 Send letters of support with the application itself unless the guidelines state otherwise. However, some U.S. Representatives and Senators will only send support letters directly to the funding agency.
 If there is any doubt whatsoever about whether an application will reach the office of the funding agency on time, send it overnight or two-day guaranteed delivery.
 Send the application directly to the person named in the solicitation, with the correct number of copies.
 Check to see that the application arrived on time.
 Start on-line applications early so that you can get your questions answered before the deadline.
 Keep the user name and password for on-line applications in a handy place where they will not be lost.
 Do your best to stave off performance anxiety as the due date for the application arrives – this will impair your ability to do the best job possible.
 Do your best to be available for site visits when the funding agency wants to come. Only change the date if there is an emergency.

Sometimes A Project Just Won’t Be Approved

Sometimes even the best applications are not successful. One example that illustrates this beautifully is a story I heard about a municipality who was applying to the state government for funds to rehabilitate a street that was in imminent danger of collapse. There was a very real need here and the only solution was a costly (four hundred thousand dollars) complete rehabilitation of the street. This town had a population of only 750 people, and only about 50 residents on the street would benefit most directly. The application was turned down the first year it was submitted. The funding agency was good enough to make a regular practice of letting the applicants who did not get funded know the reason for that decision. In that case, they mentioned a few minor issues with the narrative which were easily corrected. However, their main problem seemed to be centered on the fact that no other funding sources were being sought. It was obvious that they did not feel comfortable making a grant of that size and being the only funding agency involved in the project.

Unfortunately, grant sources for municipal street work are not plentiful in that part of the country. The town reapplied the next year and made the requested narrative changes. An attempt was made to find other sources to leverage, or match, the state monies. The town was able to show that it had at least tried to find other funds. However, the town itself, with its budget of only $375,000 per year, could not afford to put any money into it. The application was turned down for the second time even though the town did everything that the state asked for with the exception of contributing its own money to the project. This was a very unfortunate case as the project really needed to be done and there was no other place to turn. However, this just goes to show that the best written project can be turned down because of situations beyond the grant writer’s control.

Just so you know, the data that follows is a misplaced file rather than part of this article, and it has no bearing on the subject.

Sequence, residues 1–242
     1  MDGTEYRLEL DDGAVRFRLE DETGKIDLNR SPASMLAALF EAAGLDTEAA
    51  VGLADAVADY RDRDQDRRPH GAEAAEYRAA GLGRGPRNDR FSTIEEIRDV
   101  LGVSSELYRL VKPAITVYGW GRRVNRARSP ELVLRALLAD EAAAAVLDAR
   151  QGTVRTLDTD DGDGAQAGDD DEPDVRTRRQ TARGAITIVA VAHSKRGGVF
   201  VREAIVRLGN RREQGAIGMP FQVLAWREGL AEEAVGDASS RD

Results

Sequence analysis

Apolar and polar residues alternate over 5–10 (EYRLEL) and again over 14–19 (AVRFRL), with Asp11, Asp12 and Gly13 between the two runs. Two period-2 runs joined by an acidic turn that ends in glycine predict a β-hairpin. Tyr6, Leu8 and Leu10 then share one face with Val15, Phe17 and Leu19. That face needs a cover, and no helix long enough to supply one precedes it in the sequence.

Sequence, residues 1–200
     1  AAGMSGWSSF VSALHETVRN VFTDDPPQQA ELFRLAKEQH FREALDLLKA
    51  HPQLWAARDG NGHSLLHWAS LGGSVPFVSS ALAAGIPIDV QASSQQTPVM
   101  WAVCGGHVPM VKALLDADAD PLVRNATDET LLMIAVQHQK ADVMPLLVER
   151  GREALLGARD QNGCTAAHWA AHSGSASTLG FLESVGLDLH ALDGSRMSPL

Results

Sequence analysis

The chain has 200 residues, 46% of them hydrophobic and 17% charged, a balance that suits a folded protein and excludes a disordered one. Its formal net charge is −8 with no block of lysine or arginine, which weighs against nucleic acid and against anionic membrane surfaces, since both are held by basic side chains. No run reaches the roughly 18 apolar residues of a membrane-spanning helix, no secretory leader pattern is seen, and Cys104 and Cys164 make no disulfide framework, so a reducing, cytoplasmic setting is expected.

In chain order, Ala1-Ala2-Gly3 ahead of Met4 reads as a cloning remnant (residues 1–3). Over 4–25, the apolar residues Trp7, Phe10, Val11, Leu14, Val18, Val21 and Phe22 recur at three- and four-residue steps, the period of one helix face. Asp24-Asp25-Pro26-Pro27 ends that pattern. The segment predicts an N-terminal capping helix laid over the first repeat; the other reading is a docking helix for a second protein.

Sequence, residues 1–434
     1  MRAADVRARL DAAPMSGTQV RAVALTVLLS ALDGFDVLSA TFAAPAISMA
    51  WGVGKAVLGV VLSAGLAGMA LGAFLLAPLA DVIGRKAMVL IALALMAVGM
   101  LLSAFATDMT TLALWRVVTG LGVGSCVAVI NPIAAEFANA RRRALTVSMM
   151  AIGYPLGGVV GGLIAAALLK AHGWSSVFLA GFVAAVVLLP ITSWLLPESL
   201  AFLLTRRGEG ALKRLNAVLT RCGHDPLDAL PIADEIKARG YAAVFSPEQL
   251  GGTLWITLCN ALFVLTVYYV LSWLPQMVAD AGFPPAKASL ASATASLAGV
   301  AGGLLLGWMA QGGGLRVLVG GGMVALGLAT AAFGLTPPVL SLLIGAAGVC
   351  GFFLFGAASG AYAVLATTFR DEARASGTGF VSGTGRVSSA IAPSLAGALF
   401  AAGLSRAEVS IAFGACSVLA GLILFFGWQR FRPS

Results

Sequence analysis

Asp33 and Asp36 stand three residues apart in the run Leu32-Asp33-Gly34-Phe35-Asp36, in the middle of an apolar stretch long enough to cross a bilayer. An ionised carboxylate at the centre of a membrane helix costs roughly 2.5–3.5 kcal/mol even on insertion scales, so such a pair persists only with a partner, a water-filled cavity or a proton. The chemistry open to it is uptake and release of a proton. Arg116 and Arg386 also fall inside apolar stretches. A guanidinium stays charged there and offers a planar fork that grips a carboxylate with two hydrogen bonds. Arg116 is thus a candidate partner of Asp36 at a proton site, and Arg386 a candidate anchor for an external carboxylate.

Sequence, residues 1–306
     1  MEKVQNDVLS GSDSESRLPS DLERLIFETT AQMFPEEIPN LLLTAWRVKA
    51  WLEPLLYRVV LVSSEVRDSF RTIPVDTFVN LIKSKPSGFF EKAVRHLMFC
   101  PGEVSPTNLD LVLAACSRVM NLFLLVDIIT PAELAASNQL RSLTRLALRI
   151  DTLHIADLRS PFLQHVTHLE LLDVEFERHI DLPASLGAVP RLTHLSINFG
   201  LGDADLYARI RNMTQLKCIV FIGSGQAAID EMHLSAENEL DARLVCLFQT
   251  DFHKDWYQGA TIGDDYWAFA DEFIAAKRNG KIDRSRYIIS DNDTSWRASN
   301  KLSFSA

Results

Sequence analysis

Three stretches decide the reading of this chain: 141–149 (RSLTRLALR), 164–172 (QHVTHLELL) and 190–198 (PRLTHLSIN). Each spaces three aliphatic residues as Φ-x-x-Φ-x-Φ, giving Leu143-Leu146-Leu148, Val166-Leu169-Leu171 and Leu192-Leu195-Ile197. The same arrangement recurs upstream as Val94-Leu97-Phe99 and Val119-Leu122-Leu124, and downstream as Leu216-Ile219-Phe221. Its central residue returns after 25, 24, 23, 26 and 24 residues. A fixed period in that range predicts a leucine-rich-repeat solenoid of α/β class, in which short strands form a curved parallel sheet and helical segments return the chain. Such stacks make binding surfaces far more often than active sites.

Basic Elements of a Proposal

Never underestimate the importance of doing a superlative writing job on the grant application. This is one of the most critical predictors of success. However, many people are under the impression that the grant writer’s skill in writing is the only important thing. In my opinion, the most critical factor is a well-designed project which meets the identified need with the most economical use of resources. The best written proposal cannot disguise the fact that a project is ill-conceived and designed and will not accomplish the desired outcomes.

The following steps should always be followed before beginning to write the proposal:

• Read the entire solicitation at least twice from beginning to end.
• Call or e-mail the contact listed in the solicitation in order to discuss the project and to make certain that it meets threshold requirements.
• Determine whether it is possible to gather the data and write the application by the deadline-the grant writer will need to consider his or her own schedule and pace of working as well as the availability of colleagues who will be involved in preparing the grant application.
• Determine the feasibility of obtaining statistical data to directly support the project.
• Determine the feasibility of obtaining supporting information from others.

It is very important to write in a style which conveys the urgency of the need and the necessity for the project. The application should be written with feeling and give a sense of the serious consequences to the beneficiaries if the project should not be funded. This is the “human side” of the request. It is very difficult, if not impossible, to teach someone to write with feeling. That generally comes about with practice and a passion for one’s work. Some of the individual stories of the potential beneficiaries can be used to show the very serious and personal nature of their distress.

The Golden Rule of grant writing is to be specific. Vague and general statements will not get the grant money. If the grant writer is working to make a specific point, he or she should be very clear, use statistical support and examples, provide a clear picture of the need, the project, and the outcomes.